Torah Portion

Vayeshev

וישב

Genesis 37:1-40:23
Amos 2:6–3:8

Joseph Dreams that the Sun, Moon and Stars Bow to Him – Does It Come True?

Joseph Dreams that the Sun, Moon and Stars Bow to Him – Does It Come True?

Jacob berates Joseph when he hears his second dream: “Are we to come, I and your mother and your brothers, and bow to you?” (Gen 37:10) Rachel, his mother, was dead. What then did the dream mean?

Dr.
Mordecai David Rosen
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Joseph Accuses His Brothers of Selling Him – But Did They?

Joseph Accuses His Brothers of Selling Him – But Did They?

When Joseph reveals himself to his brothers, he says, “I am your brother, whom you sold into Egypt” (Gen 45:4). Tradition takes for granted that Joseph’s brothers were indeed the ones who sold him. However, as Rashbam and Shadal note, a straightforward peshat reading of events once Joseph is thrown into the pit reveals a different conclusion.

Prof. Rabbi
Marty Lockshin
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Judah Meets Tamar “On the Road to Timnah”

Judah Meets Tamar “On the Road to Timnah”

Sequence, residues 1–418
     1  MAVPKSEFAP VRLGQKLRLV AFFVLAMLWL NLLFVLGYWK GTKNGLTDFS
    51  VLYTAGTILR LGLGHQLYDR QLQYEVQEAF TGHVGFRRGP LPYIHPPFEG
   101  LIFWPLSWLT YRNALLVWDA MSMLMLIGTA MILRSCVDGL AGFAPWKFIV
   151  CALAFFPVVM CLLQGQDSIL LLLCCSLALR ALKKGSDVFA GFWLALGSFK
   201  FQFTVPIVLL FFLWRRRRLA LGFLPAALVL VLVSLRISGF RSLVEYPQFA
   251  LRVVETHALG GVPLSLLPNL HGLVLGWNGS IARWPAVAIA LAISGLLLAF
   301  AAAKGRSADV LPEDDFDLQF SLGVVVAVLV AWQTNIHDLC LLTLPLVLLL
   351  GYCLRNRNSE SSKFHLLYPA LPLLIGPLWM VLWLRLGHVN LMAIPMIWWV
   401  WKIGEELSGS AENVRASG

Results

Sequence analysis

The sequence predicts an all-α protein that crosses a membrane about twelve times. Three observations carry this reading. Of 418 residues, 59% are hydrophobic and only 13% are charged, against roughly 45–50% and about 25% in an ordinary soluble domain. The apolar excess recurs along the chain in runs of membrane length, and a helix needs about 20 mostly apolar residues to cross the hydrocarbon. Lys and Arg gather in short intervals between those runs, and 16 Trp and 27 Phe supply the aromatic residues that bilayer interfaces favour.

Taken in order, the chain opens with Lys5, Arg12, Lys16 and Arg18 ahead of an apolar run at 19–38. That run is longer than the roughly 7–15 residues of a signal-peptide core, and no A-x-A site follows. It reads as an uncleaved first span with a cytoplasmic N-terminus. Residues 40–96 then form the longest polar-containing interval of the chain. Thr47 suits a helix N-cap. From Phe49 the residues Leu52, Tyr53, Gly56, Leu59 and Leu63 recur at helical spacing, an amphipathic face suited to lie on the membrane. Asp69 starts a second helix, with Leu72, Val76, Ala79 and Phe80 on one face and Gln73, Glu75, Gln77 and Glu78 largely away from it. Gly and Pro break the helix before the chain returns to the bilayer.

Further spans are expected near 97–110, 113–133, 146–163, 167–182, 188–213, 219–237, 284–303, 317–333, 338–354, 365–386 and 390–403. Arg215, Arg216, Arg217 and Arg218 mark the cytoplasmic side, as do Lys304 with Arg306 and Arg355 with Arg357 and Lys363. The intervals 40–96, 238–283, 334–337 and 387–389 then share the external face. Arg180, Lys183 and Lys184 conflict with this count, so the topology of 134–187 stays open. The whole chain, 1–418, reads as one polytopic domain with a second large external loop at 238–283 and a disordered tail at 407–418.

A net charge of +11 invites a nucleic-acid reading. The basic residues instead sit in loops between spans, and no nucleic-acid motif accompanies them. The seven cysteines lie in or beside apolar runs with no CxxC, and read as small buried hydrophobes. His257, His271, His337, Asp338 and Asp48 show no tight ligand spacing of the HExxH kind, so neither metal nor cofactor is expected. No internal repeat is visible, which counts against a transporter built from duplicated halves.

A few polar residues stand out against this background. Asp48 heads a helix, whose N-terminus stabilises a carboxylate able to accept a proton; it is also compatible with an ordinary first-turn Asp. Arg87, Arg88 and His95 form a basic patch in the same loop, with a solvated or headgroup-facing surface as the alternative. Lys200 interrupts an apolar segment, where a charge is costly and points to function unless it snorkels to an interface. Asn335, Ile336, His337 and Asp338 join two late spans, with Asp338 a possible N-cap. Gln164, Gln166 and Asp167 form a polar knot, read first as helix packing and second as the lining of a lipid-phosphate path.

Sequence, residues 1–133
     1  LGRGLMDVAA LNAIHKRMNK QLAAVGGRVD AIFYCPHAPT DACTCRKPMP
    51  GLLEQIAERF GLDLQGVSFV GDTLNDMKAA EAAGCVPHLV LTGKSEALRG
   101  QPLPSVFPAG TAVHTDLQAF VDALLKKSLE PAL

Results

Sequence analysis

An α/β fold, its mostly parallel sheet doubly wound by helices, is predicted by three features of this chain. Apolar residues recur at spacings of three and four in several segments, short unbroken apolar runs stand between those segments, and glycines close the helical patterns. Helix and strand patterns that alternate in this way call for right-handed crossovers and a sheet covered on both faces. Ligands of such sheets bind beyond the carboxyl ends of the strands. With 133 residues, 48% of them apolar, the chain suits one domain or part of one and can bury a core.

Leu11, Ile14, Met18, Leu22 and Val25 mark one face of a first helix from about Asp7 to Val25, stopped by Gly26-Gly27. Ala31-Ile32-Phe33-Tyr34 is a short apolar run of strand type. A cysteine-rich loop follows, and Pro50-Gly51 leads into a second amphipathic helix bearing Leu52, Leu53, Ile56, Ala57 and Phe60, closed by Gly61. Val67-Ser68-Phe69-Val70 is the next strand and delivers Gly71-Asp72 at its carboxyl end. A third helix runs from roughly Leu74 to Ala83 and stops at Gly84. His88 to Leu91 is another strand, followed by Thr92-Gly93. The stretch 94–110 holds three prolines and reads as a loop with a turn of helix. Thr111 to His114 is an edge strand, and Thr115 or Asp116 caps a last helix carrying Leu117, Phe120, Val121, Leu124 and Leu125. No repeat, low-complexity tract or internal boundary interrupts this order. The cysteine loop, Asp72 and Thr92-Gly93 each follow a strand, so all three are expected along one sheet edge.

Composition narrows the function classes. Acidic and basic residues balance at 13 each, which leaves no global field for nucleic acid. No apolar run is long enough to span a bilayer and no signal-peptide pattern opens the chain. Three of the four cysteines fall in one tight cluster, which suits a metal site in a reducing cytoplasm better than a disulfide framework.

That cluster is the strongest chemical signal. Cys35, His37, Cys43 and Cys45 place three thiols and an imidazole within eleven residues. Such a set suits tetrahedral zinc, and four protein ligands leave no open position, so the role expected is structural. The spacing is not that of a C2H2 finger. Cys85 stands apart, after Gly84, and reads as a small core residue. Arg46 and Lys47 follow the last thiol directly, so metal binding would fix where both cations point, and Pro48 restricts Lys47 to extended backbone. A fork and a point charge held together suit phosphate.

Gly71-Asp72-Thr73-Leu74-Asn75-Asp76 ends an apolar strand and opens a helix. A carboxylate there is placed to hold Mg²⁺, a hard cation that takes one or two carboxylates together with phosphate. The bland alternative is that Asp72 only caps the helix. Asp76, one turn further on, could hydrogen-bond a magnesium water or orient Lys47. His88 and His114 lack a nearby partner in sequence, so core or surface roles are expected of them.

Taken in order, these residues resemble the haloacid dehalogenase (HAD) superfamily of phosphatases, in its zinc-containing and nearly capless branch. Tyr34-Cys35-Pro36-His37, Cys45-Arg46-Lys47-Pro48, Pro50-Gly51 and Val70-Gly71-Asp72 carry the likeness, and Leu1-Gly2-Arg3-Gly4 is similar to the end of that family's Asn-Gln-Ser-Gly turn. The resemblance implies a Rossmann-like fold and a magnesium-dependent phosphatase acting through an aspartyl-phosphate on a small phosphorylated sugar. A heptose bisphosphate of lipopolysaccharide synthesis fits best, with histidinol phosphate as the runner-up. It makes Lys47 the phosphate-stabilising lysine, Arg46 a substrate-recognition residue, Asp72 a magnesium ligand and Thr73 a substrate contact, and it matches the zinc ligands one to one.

Samson also meets a woman of questionable status in ​Timnah. What is it about Timnah that makes it an appropriate choice for such stories?

Dr.
Mahri Leonard-Fleckman
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Finding Meaning in Incoherence: The Joseph Story Beyond Source Criticism

Finding Meaning in Incoherence: The Joseph Story Beyond Source Criticism

The story of Joseph is replete with narrative contradictions. Source criticism has long dominated the quest for textual coherence. But how are we to make sense of the integrated text?

Prof.
Edward L. Greenstein
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Why Does the Torah Describe Babies Born Hands First?

Why Does the Torah Describe Babies Born Hands First?

Jacob is famously born with his hand grasping the ankle of his twin brother, Esau. Similarly, Zerah puts his hand out first, before being overshot by his twin brother Peretz. Does this reflect men’s ignorance of childbirth or their familiarity with other realia?[1]

Dr.
Eran Viezel
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Joseph in Custody: Enslaved or Imprisoned

Joseph in Custody: Enslaved or Imprisoned

Joseph, sold by two different groups (Midianites and Ishmaelites), seems to have been bought by two different men (Potiphar, captain of the guard, and an unnamed Egyptian man), leading to two discrete storylines, each of which place Joseph in a different position when he meets the cupbearer and the baker.

Dr. Rabbi
Zev Farber
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Her Name Was Tamar – Invasive, Destructive, Redemptive

Her Name Was Tamar – Invasive, Destructive, Redemptive

The character of Tamar draws on a botanical motif—the tamar, the date palm—to evoke a recurring trope of female family members whose beauty and presence have the power to destroy or save the family.

Dr.
Jacqueline Vayntrub